Let’s assume we run a business in which we offer customers a discounted price based on quantities purchased. We can afford to offer these discounts because our inventory costs also decrease when we purchase in bulk from our wholesalers. By passing on the savings to our retail customers we are able to drive higher sales and production.
- Our non-discounted retail price is $25 per product.
- However, if the customer purchases 100 or more units in an order, the discount off the retail price of $25 is 10%.
- To provide an incentive to our customers to buy in even greater quantities, we discount the price by 25% for all orders of 500 or more.
We need a solution that calculates the final price of our customers’ orders while considering any discounts due them based on their order quantity.
To simplify this example a bit, we will first break down our eventual formula by 3 different logical tests.
Test 1: If ‘Purchase Qty’ is greater than 100
Test 2: If ‘Purchase Qty’ is less than 500
Test 3: If ‘Purchase Qty’ is greater than 500
We then build separate ‘IF’ functions for each in order to return either a ‘TRUE’ or ‘FALSE’ based on the ‘Purchase Qty’ on each row of data.
We will then plug in the cell references that contain these results into our larger formula for the sake of simplicity.
For example, the formula and result for Test 1 on row 10 is illustrated in the next figure.
Cell ‘B5’ refers to the minimum quantity the customer must purchase in order to qualify for a 10% discount, or 100.
Test 2 will refer to the upper maximum for quantities qualifying for 10% and then Test 2 will refer to the minimum quantity to qualify for the 25% discount.
Notice that we simply use ‘TRUE’ and ‘FALSE’ as our ‘value_if_true’ and ‘value_if_false’ arguments for the sake of simplicity.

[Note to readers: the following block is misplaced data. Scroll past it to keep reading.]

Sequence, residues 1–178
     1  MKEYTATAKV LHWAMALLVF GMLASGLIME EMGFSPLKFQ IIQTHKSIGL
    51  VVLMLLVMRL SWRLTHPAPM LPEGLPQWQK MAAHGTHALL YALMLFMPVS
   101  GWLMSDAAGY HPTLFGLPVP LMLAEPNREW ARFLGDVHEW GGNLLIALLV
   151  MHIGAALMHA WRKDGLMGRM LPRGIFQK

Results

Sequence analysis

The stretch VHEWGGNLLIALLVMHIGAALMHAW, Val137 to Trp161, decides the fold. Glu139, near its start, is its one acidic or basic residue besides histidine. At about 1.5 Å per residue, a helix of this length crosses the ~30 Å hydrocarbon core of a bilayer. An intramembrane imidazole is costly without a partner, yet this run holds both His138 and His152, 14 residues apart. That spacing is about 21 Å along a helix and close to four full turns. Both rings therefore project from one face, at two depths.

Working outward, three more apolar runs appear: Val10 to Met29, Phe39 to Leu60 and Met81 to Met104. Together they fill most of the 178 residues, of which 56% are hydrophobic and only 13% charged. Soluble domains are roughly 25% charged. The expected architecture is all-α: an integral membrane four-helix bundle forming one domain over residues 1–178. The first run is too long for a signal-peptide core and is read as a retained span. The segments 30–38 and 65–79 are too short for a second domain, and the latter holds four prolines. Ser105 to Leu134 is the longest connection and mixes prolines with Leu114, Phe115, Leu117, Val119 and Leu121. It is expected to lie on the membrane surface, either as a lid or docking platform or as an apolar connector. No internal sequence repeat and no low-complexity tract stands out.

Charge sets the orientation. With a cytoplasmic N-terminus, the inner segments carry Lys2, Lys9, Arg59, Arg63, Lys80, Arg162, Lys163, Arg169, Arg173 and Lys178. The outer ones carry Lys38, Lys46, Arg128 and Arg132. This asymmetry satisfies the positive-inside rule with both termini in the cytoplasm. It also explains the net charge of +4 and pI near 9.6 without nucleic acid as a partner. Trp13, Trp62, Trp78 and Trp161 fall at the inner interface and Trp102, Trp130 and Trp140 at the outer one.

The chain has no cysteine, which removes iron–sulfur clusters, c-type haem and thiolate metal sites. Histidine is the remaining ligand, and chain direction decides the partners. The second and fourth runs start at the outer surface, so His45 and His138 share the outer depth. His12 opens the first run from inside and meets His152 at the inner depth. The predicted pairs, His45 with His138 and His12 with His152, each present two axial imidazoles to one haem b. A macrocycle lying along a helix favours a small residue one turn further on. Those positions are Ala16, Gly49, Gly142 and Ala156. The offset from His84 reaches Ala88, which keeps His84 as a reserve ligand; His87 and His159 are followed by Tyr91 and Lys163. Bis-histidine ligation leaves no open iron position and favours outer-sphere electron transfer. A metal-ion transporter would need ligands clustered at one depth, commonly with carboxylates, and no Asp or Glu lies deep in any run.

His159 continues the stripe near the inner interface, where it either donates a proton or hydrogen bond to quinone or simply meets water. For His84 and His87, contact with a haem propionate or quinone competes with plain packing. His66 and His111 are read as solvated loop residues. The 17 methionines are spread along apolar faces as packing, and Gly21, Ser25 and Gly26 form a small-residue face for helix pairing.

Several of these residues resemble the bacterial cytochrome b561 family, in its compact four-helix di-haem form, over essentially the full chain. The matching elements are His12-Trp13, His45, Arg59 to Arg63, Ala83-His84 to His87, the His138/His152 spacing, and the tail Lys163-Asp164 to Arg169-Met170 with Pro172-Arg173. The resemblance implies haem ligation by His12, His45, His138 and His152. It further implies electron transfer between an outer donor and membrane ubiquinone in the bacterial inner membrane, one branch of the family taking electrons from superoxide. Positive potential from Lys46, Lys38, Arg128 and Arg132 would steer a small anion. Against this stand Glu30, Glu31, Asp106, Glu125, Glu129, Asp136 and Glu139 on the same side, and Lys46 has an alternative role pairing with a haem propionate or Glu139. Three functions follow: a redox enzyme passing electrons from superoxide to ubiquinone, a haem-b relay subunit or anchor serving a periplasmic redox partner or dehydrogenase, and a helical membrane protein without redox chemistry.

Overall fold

All ‘TRUE’ values in the test columns are bolded for the sake of emphasis.
Each cell in our test columns evaluate to either a ‘TRUE’ or ‘FALSE’ value making it easier for us to validate the results of our eventual nested formula.
All of our logical test formulas get us the following results. You can test each one based on the definition of the three tests above and see that the true and false values on each row correlate.
These results can now be inserted into our larger formula combining ‘IF’ with ‘AND’ as well as inserting a second ‘IF’ function as the ‘value_if_false’ argument of the initial ‘IF’ function.
Specifically, the first ‘IF’ combined with the ‘AND’ tests for the results of Test 1 and Test 2, and the ‘value_if_true’ (remember, in this case that both Test 1 and Test 2 must evaluate to ‘TRUE’) is ‘D5’ which is $22.50 (the discounted price for orders of 100 or more but less than 500).
The ‘value_if_false’ is actually another ‘IF’ function that evaluates or Test 3 result. If this result is ‘TRUE’, the function returns the value in ‘D6’ which is $18.75 (the discounted price for orders of 500 or more). If this ‘IF’ function evaluates to ‘FALSE’ it will return the value in ‘D2’, or $25.00.
Putting all this together, the formulas and results are shown in the following figure.